Where Carroll offers a path to legal transformation, Levin shows the promise of conceptual change in this moment of crisis. He argues that the pandemic sheds light on the irrationality of some ordinary features of criminal administration. He points to two examples. First, it urges “sentencing realism.” Currently, criminal administrators discuss punishment in the abstract as finite chunks of time or bimodal determinations of location. For example, one is sentenced to 60 months imprisonment or two years on probation. COVID-19 demands recognition that these metrics obscure how the experience of punishment is far more complex, with effects that linger long after an individual serves a term of incarceration. Second, the pandemic illuminates how very localized criminal administration truly is. Rather than a “system” influenced heavily by federal policy, criminal administration is a “carceral archipelago” with multitudes of local administrators implementing localized policies. Different states, counties, and municipalities have adopted different responses to criminal administration in the pandemic. That COVID-19 focuses so precisely on local decisionmakers only emphasizes what scholars of mass incarceration increasingly note: resistance to problematic criminal law enforcement practices often generates from the local level. Perhaps COVID-19 makes more space to see that now.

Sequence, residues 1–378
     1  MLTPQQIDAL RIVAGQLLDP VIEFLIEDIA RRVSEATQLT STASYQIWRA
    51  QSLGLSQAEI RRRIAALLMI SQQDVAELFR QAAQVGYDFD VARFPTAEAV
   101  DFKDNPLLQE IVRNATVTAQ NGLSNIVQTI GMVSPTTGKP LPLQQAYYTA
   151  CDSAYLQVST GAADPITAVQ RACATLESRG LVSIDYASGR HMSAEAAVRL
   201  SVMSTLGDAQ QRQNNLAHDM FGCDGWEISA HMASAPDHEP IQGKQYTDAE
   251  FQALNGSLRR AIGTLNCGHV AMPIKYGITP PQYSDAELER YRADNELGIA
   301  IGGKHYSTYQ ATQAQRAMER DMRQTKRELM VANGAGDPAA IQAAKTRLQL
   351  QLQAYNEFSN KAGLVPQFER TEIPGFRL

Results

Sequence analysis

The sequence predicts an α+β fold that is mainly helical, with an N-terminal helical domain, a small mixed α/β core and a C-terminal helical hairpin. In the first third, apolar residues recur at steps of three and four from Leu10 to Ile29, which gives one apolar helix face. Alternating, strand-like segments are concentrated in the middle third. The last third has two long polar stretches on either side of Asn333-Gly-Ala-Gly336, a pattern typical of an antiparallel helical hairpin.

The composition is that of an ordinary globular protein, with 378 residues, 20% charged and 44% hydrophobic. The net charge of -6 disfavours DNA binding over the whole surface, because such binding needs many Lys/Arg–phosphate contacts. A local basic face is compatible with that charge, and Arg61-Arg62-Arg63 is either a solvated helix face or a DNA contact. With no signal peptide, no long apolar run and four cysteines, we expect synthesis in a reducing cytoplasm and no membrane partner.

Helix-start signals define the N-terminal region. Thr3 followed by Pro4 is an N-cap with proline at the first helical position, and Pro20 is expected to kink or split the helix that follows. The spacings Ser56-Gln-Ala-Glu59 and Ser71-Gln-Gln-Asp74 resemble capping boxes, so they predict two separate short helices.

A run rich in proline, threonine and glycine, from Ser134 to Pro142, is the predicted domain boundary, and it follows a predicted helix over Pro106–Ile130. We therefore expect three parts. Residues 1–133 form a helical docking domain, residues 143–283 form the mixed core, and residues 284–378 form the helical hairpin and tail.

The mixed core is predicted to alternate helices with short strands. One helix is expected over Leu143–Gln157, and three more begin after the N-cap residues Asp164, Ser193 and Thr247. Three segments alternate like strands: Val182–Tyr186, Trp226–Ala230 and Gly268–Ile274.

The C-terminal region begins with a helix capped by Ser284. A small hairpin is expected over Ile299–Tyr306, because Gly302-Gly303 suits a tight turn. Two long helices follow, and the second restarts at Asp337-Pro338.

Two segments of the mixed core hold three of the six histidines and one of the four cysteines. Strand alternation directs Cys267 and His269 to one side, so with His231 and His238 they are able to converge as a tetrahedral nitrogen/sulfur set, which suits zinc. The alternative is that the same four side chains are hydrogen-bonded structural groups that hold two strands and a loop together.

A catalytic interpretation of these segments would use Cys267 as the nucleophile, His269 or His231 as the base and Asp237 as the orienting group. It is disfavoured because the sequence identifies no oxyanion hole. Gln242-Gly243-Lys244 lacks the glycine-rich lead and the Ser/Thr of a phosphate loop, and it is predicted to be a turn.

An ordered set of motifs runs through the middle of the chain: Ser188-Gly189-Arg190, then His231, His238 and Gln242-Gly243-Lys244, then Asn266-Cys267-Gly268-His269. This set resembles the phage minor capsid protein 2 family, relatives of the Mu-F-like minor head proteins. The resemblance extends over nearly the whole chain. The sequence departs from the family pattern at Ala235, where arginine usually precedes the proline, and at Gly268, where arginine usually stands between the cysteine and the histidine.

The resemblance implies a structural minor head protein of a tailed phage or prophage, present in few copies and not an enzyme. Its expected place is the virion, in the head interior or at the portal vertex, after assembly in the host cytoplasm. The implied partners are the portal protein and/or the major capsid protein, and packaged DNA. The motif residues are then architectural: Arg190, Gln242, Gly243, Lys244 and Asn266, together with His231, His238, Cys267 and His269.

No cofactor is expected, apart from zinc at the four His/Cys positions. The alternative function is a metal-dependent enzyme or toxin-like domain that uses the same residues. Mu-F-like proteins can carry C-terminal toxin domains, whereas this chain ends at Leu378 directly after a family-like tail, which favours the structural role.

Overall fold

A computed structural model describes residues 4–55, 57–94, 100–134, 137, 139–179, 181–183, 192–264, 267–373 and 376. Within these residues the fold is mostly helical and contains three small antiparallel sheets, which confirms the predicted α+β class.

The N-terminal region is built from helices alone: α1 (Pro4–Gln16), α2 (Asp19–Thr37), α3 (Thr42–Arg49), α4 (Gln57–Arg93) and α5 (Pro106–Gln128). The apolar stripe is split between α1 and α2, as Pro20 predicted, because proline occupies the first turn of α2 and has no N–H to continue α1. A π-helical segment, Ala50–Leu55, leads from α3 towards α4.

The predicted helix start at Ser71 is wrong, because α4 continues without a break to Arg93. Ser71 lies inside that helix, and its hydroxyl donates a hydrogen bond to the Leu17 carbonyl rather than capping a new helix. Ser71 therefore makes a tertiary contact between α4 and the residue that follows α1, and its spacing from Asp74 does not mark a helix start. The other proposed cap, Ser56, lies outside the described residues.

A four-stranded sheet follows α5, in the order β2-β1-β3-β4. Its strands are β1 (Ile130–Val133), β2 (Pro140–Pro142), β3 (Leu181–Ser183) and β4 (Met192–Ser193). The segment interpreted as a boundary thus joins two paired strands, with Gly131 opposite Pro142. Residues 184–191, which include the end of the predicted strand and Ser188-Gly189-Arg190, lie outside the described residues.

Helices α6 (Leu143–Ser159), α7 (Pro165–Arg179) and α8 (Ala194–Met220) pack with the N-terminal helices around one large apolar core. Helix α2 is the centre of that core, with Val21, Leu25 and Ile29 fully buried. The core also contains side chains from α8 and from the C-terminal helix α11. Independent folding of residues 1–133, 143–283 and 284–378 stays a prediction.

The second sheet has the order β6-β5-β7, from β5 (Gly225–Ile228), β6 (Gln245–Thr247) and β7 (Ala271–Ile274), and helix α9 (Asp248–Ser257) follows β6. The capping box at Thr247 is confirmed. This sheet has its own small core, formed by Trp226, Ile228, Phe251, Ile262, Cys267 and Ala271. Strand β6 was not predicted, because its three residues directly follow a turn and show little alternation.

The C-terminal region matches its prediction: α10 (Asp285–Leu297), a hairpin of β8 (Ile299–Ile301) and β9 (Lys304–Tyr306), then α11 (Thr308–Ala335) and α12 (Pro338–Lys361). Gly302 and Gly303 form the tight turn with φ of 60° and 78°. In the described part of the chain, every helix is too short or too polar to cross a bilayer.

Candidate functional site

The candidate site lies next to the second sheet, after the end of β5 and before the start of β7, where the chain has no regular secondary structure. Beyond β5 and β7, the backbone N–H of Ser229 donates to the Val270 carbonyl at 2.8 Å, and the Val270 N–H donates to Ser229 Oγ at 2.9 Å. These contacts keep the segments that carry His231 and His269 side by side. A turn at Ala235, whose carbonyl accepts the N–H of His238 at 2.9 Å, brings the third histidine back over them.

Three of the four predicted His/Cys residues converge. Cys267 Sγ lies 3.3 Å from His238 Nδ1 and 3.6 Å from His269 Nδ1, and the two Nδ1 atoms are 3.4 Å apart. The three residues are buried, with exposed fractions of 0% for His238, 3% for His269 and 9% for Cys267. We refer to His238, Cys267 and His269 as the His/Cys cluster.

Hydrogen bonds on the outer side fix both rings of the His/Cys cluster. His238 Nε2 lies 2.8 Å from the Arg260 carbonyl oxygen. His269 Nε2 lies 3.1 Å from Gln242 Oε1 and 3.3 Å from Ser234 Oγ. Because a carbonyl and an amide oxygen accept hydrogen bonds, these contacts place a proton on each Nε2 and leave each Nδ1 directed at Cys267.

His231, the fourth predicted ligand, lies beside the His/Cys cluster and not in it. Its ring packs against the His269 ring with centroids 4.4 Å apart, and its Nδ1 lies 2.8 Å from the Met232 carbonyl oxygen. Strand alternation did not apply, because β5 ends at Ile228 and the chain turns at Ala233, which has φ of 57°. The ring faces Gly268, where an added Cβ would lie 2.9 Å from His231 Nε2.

Levin’s contribution is primarily concerned with rhetoric, so it bears implications for many different points in criminal administration including pretrial release determinations. The way we speak about punishment is important. The way we speak about the intersection of the pandemic and criminal justice is important, too. The pandemic is a crisis, but criminal administration creates crisis, too. And while crisis can provide a basis for transformation, Levin warns that wholesale adoption of a crisis mentality has its flaws. We may yearn for the “normal” again as if it were not already deeply flawed. The crisis may also obscure “structural and systemic pathologies” as aberrations rather than the norm, thus legitimating different features of criminal administration. Levin’s essay advises against that path.
It would be easy to characterize these contributions as pragmatic versus aspirational takes on the effect of COVID-19 on criminal administration. Yet both essays offer similar, substantive takeaways about this moment for criminal administration. These authors reflect on the corrosive intersection of punishment and society laid bare by the coronavirus. They weave into discussion not only what could be about criminal administration, but what already is – how criminal administration operates in society, what’s its impact, and on whom. They emphasize the structural realities of the carceral state as an epidemic upon which COVID-19 as a pandemic expands. Rather than invite despair in those realities, however, both Carroll and Levin give the reader reason to find hope in change.
Surely, this pandemic intersects with criminal law along many dimensions. Highlighting these timely essays only skims the surface of issues to consider. Still, these essays offer an exciting frame upon which future legal scholarship promises to build. Both essays resist the temptation to conclude that COVID-19 is wreaking havoc on criminal justice. Rather, they emphasize that criminal administration wreaks havoc in a stratified society, and COVID-19 provides a window to see that havoc in a new light. Far from calling for fixes that keep the “system” operating with business as usual, these essays demand that we question business as usual in criminal administration. Both remind us that this critical reflection is imperative not because it is convenient or efficient, but because it is necessary. COVID-19 illuminates that necessity.